On this CD Italian saxophonist Carla Marciano pays tribute to a lifelong influence, the music of film soundtrack composer Bernard Hermann. Hermann wrote a lot of significant scores in his time but Marciano concentrates on his music for thrillers. She mostly deals with his scores for Alfred Hitchcock, but also tackles his music for Martin Scorsese's "Taxi Driver" and Roy Boulting's "Twisted Nerve."
Marciano's arrangements of this music divide into two motifs, darkly seductive love themes and boiling spiritual jazz rambles. The former is heard on the themes from "Taxi Driver" and Hitchcock's "Marnie" as Marciano blows rapturous alto over Alessandro La Corte's shimmering electric piano, creating an air of tempting but dangerous romance. This sound seeps through quietly on "Taxi Driver" becomes but louder and more empathic on "Marnie." Marciano's own composition, "From 'Marnie' to 'Twisted Nerve,'" forms a bridge between the two styles, with swooning siren songs giving way to the sound of chaos, with turbulent alto honks and tumbling piano, bass and drums.
With "Theme From 'Twisted Nerve'" the music goes fully into John Coltrane territory. Marciano's soprano twitters and caws over the melody while the piano pounces and dives and La Corte and bassist Aldo Vigorito take swirling solos. This style continues into the most famous Hitchcock-Hermann collaboration, the theme from "Psycho." First La Corte nervously paws at his piano alone, teasing parts of the famous theme. Then Vigorito stabs his bass with his bow, and the delirious "Psycho" theme appears in full effect with Marciano's alto careening up and down like a speeding roller coaster, The leader eventually goes on a howling, full-throated tear, leaving Hermann's theme behind, as the other members of the quartet continually collide and explode.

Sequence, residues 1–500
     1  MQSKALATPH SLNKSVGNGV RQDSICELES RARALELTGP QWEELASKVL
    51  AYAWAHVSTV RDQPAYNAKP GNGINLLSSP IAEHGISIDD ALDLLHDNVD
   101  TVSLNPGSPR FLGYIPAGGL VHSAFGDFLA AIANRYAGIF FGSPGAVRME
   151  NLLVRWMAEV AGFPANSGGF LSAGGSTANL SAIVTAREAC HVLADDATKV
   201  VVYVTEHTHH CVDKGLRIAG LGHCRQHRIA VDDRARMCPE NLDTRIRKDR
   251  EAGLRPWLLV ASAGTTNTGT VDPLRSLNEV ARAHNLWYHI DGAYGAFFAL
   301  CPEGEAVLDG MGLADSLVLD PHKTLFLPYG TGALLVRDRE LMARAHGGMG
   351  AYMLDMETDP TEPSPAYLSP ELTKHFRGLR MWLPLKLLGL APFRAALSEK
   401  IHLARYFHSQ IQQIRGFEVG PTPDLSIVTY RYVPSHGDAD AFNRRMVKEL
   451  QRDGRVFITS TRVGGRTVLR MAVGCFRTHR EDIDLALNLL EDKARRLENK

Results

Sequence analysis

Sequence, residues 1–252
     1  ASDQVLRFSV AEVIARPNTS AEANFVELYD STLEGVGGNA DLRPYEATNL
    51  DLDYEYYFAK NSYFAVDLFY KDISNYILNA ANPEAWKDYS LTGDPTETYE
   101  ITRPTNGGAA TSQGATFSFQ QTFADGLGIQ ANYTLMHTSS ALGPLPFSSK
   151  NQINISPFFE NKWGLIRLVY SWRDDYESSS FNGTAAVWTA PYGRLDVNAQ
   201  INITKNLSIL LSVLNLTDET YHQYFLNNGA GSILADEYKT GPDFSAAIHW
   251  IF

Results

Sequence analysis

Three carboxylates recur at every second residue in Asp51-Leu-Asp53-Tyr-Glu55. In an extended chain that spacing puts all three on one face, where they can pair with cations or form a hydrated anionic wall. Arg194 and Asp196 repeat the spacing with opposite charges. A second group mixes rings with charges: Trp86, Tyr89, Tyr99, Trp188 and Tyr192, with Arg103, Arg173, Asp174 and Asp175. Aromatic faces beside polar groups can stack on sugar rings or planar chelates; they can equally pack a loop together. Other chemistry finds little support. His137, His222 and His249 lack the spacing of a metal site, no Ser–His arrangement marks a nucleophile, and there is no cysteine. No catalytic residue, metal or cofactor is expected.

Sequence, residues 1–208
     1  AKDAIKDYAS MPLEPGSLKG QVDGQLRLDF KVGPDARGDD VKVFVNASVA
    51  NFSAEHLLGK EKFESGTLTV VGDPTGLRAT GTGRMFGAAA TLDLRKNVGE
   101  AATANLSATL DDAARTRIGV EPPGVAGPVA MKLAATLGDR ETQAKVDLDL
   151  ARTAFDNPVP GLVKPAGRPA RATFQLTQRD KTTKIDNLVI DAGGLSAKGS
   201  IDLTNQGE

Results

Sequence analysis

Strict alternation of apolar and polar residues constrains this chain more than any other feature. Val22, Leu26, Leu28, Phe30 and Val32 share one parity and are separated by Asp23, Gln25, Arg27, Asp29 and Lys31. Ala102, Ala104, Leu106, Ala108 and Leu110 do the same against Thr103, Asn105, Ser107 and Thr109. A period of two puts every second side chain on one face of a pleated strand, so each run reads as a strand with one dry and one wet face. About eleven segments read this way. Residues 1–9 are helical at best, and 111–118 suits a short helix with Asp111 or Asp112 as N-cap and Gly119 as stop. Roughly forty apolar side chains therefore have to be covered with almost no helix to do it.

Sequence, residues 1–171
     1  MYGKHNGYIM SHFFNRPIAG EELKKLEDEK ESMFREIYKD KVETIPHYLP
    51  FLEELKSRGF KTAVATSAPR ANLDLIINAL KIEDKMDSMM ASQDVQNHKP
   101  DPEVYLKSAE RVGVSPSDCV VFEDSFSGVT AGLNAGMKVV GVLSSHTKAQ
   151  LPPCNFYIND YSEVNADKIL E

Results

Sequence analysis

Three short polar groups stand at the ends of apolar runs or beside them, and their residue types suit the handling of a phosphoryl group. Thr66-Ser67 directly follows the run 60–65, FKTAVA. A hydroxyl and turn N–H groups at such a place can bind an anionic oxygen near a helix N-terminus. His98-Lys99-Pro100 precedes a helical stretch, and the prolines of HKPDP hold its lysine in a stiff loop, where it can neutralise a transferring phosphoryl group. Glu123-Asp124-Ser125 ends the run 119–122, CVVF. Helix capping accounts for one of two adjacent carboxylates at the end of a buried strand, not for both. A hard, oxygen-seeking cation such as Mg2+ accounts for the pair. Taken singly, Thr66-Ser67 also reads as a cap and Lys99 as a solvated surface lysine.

"Vertigo" returns to the dreamier side of things as piano and alto slowly play the film's tipsy, carousel-like theme. Marciano blows long, low foghorn-like notes as La Corte plays the slowly revolving, off-center main phrase over and over. Eventually Marciano's alto goes into a gliding singsong pattern as La Corte switches to plush electric keyboards and Gaetano Fasano's rattling drum beats increase the tension. This is followed by another piece of the "Vertigo" score, "Scene D'amour" where an overall feel of sophisticated romance is clouded by Marciano's increasingly harsh bellows. The rhythm section begins to dip and swoop with some of the combustible fire of the classic Coltrane quartet while Marciano's sound quiets down but still carries a feel of wary uncertainty.
The album actually has a non-Hermann ending as Marciano tips her cap to another noted film composer, John Williams. She turns his "Hedwig's Theme" from the Harry Potter movies into another joyous spiritual jazz romp. Her soprano rolls over, up, sideways, and down, shouting and flying like Coltrane himself working over "My Favorite Things." La Corte, Vigorito and Fasano do an excellent job at keeping the rhythm burning hot underneath her wild, tuneful acrobatics.
Carla Marciano is a strong saxophonist who has a great time exploring the sinister and playful moods of two great film composers here. She finds some thrilling new things to do with some familiar music.
HOMAGE TO BERNARD HERRMANN: Theme from "Taxi Driver" (Betsy's Theme); Theme from "Marnie
(Prelude); From "Marnie" to "Twisted Nerve"; Theme from "Twisted Nerve" (Theme and Variations); Theme
from "Psycho" (Prelude); Theme from "Vertigo" (Prelude); Theme from "Vertigo" (Scene D'Amour); .
HOMAGE TO JOHN WILLIAMS - Theme from "Harry Potter" (Hedwig's Theme). .
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